Telecommuting on the rise

04 February 2021 11:26

The Office Away from The Office

For most traditional workplace-based employees, remote working is still only an occasional perk. This is even though employees consistently cite flexible working hours and the ability to work remotely as important factors that would improve job satisfaction and work-life balance.

Several studies have supported the idea that working from home; for the right people, can increase productivity and reduce cortisol levels. Research also suggests companies that encourage and support a work-from-home protocol saves money in the long run an added benefit for the employer.

Another unique proposition is that engaging teleworkers can also serve as an efficient shortcut to decentralised and distributed work force that is necessary as a critical component in business continuity and disaster recovery planning.

The bottom line is, this style of employment is growing in popularity, with some very notable companies lending it their endorsements.

Teleworking versus Telecommuting

The words telecommuting* and teleworking are used interchangeably. Teleworking is however a broader term than telecommuting. Telecommuting is only a type of teleworking opportunity.

The prefix ‘tele’ means “distance”. Teleworking refers to working from a distance. Telecommuting refers specifically to the elimination of a daily commute. Telecommuters are always teleworkers, but teleworkers are not necessarily telecommuters. Confused yet? Let us examine it more closely.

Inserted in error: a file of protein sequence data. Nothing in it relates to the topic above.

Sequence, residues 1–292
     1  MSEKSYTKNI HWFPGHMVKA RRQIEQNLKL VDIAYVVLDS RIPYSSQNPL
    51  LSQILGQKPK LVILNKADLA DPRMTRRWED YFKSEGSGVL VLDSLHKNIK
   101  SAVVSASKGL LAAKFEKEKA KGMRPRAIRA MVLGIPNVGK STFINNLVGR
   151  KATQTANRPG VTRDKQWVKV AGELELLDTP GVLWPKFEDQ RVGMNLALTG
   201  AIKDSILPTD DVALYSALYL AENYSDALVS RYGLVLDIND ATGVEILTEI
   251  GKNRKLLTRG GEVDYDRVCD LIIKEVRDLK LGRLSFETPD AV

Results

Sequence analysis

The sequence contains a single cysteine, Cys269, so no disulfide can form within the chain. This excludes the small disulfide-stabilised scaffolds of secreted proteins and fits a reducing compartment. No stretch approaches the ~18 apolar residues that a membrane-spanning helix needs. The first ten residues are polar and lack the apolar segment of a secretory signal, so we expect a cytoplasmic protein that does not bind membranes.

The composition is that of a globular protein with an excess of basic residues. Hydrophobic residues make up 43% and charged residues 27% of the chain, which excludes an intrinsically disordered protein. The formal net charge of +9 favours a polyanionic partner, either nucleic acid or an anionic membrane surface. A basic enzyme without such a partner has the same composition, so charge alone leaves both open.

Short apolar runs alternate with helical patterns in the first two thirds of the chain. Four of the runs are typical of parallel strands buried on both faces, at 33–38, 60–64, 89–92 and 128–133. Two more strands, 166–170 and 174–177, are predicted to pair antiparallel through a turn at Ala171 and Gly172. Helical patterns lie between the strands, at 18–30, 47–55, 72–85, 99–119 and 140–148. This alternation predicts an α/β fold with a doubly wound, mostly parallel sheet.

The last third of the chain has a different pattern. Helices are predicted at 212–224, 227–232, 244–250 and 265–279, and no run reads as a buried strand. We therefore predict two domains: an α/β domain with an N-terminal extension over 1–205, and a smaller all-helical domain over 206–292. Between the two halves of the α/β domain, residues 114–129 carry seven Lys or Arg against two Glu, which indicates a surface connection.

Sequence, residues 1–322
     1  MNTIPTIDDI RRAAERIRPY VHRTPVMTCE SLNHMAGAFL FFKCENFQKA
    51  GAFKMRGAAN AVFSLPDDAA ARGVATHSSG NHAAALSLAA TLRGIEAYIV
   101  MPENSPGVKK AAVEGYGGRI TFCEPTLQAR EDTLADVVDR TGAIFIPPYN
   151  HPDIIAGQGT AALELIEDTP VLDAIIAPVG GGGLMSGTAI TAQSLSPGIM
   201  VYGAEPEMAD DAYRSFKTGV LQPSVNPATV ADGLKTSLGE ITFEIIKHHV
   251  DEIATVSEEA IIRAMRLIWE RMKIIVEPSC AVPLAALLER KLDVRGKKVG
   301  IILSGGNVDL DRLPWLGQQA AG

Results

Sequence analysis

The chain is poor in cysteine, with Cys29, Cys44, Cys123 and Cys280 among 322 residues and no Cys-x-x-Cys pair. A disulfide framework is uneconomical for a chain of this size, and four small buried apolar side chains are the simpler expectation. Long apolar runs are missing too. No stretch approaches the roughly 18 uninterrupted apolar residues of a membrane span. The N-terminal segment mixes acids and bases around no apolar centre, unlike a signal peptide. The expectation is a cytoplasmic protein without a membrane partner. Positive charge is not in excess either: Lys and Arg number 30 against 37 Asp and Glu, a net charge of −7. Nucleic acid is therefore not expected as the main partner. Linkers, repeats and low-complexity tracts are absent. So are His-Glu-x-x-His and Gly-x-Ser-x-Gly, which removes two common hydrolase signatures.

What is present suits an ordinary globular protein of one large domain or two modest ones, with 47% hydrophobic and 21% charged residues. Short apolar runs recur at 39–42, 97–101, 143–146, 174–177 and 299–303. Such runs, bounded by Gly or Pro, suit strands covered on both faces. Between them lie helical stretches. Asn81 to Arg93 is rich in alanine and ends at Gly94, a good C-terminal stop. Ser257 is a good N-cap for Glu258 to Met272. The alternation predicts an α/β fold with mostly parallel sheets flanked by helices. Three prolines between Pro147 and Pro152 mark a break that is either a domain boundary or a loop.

You are called a teleworker if you must travel to and from a location for work on a regular basis, even if you are not commuting to a regular office, you are still a physical commuter. Therefore, you would be teleworking (because you’re working from somewhere that is a distance from your office) but you are not telecommuting because you still need to travel to get to the office. Examples of teleworking include:

i.          Working on various projects on-site with clients, but not reporting to your employer’s main office

ii.          Working regularly from a hot desk that you need to travel using a mode of commercial transport

[*Hot Desking: Wikipedia describes Hot Desking as “an office organisational system which involves multiple workers using a single physical work station or surface during different time periods”]

iii.         Working from a satellite or branch office rather than your employer’s main office

iv.        Working from anywhere that allows you to work (the airport, a coffee shop, a hotel foyer)

You know you are a telecommuter if you work at home and do not regularly need to leave your house to do your work, you’re a telecommuter. Examples of telecommuting include:

i.          Working out of your home office

ii.          Working out of an office on your home property (above the garage, in a guest house, rented space etc.)

[*Telecommuting/working: Incidentally, both terms were coined by Jack Nilles in the Seventies and have ever since confused and perplexed many a people]

For more read here>>>>

“This uptick is new, conjuring images of freelancers hunched over laptops—but telecommuting isn’t. The concept of working away from the main office is much older than mobile technology; in fact, it predates the personal computer.”]